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This series is mostly fantasy fiction, till the end bit. I think I read this story in the mid to late 90's possibly early 2000's

The stones or gems or, the thing they use to gain the powers in the first place are alien in nature and sentient.

There is a man who uses a staff as a focus. He has power of both Water and Air, and using both he can control the weather. There was another, at one time, who controlled both Earth and Fire, but this combination drove him crazy and the weather user had to stop the fire user.

However, the fire user had a son, a weakling with a frail body who (I think) was being forced to take up his fathers powers, to gain the strength and knowledge to be able to control the Earth power, however if I recall correctly, he did not want the boy learning Fire, as he would lose control just like his father did.

As his focus, he eventually took up a sword, which was uncommon for an elemental user, but was told that as long as he holds it, and stores his power within it, it can realistically be whatever he wants it to be.

I dont really remember the meat of the trilogy, just the beginning, bits of the middle, and the end.

In the end, he decided to take on the power of fire, but this indeed proved too much for him to handle and the power was going to go lose. The weather user said that if he lost control, he would break the sword which housed his power, and the boy would die. While struggling to regain control, he ended up falling on more of the gem things, I think taking 12-24 or something into his body instead of the typical 2-4 people use. This was WAY WAY to much and easily overpowered him, and the weather user broke the sword, but all of those gems were sentient, and repaired the damage. To avoid losing control, the boy threatened to kill himself, which would kill all the beings as well. They tried to call his bluff, but the boy was not bluffing. Faced with either dying or becoming subservient, they chose the later, and the boy became the most powerful elemental user of all time (though he still only had the knowledge of Earth and Fire, I always assumed he could do more now)

The book ended with him coming back, unscathed, and meeting with the weather man again, before heading out.

I think the boy had a girlfriend too? Unsure.

marked as duplicate by FuzzyBoots story-identification Apr 19 '18 at 22:31

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    Hi Brad. There is no need to hide spoilers in story id questions. It is assumed that the question is going to have to discuss the plot. – John Rennie Apr 19 '18 at 11:49
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This may be Janny Wurtz's Cycle of Fire trilogy.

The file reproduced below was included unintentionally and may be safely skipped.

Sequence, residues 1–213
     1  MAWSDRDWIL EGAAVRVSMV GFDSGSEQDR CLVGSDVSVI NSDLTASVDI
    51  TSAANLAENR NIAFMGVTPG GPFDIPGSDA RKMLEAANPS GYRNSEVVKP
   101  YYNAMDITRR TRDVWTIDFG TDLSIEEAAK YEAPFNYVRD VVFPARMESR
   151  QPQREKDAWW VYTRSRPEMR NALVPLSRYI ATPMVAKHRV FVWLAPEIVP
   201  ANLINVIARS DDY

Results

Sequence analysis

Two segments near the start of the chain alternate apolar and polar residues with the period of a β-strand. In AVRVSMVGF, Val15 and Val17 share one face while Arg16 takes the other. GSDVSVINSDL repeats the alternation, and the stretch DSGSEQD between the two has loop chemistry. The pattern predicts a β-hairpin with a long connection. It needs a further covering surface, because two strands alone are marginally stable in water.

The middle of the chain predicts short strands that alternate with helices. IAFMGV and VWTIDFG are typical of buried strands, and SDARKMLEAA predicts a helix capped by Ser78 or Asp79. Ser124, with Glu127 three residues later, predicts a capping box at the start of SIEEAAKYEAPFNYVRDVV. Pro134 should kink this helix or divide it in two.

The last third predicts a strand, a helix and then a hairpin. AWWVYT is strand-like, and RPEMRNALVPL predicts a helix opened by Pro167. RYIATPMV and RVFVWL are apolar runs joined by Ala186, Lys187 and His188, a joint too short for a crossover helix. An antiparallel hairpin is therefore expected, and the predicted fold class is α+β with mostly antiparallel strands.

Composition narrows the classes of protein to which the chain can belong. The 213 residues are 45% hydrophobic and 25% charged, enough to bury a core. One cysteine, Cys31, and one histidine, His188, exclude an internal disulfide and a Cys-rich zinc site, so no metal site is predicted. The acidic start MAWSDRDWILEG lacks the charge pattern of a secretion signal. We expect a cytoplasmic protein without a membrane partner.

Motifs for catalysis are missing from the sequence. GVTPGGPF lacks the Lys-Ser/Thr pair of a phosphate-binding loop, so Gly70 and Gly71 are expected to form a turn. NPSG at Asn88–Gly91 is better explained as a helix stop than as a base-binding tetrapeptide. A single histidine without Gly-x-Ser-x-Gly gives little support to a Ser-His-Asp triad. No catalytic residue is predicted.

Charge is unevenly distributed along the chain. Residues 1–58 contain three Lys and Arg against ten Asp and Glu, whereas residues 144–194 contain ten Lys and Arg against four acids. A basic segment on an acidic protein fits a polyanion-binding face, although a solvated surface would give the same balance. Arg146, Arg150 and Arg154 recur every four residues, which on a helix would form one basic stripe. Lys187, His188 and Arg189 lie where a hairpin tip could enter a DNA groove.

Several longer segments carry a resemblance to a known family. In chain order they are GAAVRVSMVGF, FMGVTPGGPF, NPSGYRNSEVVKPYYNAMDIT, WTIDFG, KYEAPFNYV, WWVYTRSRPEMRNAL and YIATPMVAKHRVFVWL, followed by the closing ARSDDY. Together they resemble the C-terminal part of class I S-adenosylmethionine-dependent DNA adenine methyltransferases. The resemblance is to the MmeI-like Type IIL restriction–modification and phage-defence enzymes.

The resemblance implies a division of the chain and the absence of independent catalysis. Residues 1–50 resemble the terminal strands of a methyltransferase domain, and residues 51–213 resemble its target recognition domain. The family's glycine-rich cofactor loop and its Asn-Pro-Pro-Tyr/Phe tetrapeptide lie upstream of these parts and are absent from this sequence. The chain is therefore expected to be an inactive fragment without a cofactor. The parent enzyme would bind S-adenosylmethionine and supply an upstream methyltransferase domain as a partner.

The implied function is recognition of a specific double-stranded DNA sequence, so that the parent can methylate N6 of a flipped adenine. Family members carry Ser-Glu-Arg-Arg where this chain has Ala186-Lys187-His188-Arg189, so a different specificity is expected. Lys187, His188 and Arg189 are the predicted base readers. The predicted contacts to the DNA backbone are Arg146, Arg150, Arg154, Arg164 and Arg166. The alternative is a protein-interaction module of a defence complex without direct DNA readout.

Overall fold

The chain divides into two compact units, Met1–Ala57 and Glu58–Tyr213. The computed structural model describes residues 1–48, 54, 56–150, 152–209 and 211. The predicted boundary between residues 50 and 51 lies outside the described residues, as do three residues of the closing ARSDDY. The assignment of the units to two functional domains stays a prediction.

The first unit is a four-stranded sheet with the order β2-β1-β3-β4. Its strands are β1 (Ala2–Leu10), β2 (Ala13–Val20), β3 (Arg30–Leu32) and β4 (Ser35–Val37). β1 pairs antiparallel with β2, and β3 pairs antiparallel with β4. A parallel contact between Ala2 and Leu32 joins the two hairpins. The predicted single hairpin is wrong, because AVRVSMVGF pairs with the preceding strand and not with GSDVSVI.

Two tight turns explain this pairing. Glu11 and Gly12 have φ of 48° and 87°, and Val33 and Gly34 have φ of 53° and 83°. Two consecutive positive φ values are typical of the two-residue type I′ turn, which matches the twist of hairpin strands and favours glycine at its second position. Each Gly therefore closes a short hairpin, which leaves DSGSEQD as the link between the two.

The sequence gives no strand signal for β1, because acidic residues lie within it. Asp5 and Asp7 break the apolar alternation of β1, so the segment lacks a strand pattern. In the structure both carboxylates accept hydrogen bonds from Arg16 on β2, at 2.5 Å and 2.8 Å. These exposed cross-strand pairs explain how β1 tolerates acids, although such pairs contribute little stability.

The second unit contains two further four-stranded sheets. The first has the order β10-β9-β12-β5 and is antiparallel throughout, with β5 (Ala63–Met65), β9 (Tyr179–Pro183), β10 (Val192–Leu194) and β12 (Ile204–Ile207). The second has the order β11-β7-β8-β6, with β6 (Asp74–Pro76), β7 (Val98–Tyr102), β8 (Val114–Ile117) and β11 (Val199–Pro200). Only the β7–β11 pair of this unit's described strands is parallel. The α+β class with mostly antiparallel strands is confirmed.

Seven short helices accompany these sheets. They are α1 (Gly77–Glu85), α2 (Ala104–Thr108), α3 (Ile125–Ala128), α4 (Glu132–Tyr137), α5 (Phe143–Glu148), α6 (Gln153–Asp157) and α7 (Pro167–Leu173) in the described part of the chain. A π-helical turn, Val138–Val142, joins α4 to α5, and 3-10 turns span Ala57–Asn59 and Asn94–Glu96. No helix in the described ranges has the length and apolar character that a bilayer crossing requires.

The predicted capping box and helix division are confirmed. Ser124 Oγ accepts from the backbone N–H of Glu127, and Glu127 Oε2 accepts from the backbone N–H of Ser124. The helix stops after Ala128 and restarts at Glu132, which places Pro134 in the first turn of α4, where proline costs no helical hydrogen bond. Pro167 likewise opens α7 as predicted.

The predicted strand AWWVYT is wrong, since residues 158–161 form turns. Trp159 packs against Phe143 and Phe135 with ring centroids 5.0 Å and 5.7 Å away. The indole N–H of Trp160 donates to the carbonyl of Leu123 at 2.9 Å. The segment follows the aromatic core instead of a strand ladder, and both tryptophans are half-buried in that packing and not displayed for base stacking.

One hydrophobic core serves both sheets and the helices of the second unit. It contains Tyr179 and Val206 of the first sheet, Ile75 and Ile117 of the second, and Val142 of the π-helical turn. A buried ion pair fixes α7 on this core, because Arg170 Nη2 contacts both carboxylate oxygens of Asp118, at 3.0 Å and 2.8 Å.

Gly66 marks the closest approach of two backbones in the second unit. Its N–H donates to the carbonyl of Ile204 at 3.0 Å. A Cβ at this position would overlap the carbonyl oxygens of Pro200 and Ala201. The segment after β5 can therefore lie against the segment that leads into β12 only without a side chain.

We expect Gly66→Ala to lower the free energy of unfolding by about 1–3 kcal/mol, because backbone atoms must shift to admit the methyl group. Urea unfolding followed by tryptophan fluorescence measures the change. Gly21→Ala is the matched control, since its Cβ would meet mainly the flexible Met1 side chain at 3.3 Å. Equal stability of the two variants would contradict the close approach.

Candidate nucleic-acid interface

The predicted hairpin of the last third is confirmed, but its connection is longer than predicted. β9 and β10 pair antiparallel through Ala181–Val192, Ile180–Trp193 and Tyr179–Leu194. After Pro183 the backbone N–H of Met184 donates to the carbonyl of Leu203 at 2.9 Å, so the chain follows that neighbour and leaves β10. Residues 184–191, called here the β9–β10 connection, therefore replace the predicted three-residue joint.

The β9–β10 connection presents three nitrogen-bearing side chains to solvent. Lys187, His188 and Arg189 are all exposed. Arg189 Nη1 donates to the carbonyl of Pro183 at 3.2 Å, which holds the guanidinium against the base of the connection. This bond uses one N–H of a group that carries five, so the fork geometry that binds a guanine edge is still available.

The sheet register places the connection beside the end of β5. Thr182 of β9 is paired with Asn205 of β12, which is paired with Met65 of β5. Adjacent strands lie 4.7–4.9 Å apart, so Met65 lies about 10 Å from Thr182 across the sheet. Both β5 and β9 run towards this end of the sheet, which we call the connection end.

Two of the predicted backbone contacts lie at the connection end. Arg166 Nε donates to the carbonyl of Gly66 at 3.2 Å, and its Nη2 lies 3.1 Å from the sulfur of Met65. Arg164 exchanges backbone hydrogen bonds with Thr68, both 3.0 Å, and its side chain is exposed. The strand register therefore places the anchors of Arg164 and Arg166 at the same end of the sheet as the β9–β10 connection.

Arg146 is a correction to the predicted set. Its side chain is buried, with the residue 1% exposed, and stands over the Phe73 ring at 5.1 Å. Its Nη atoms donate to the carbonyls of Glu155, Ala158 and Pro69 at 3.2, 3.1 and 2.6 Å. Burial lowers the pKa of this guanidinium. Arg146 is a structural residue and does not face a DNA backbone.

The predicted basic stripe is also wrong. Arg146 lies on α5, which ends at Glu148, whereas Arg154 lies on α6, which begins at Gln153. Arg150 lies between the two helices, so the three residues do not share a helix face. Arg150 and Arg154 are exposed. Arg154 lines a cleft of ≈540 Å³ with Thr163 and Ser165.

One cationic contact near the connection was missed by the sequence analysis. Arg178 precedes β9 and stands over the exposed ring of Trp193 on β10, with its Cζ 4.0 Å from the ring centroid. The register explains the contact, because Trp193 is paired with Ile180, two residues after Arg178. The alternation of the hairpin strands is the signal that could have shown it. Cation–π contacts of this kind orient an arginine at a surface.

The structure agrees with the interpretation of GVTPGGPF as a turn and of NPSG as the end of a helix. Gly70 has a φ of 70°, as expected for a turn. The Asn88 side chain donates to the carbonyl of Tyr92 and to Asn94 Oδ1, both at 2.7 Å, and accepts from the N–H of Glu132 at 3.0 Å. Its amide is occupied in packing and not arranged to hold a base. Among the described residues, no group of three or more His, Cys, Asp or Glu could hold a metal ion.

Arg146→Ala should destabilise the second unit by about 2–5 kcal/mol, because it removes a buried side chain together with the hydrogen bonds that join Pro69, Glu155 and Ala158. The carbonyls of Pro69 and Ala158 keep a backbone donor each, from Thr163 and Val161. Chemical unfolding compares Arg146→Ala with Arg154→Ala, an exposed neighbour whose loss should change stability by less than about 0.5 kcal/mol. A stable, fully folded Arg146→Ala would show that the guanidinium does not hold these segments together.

This stout and epic tale mixing fantasy and SF was originally published in the 1980s in mass market in three volumes, Stormwarden, Keeper of the Keys and Shadowfane. Whether those novels have been edited for this edition or not, the joint publication brings out the essential unity of the story. Far in the future, a human-crewed starship crashes on a distant planet, carrying a load of alien POWs taken to help discover the secrets of a deadly foe, the group mind known as the Gierj. In time, the humans revert to a feudal society, the aliens are seen as ""demons"" and the starship's computer survives as a ""magical"" entity known as the Vaere. Two powerful human wizards learn the mental techniques (or magic) of the Vaere, but one, Ivain Firelord, dies mad, and the other, Anskiere Stormwarden, is distrusted and imprisoned. The burden of fighting the Shadowfane, the realm of the demons, falls on Taen Dreamweaver, a fisherman's daughter, and on an orphan boy named Jaric, who is actually Ivain's bastard son. They are in a race against time to master Vaere powers, because the Shadowfane are on the march, and Taen's brother has become a minion of the Shadowfane, known as Maelgrim Dark Dreamer. The race is full of action, splendid scenes of magic (including some terrifying dreams) and engaging secondary characters. It also has many well-handled seafaring scenes (Robin Hobb's Liveship Saga fans, take note) and an amiable, even tender romance subplot. Jaric and Taen are the eventual victors, but not without cost, nor without the possibility of future adventures among the stars and against the Gierj.

The magic gems house malevolent psychic entities, the defeat of which in a mental battle gives you greater strength in magic, but if you fail, they're the ones steering. Jaric is the son of the Firelord (Earth and Fire), who was opposed by the Stormwarden (Air and Water) and is indeed frail. He is controlled by a geas which was put upon his father, and passed on to him when the Stormwarden is imprisoned in ice.

  • Yes this was the series, thank you for helping! – Brad M Apr 19 '18 at 22:17

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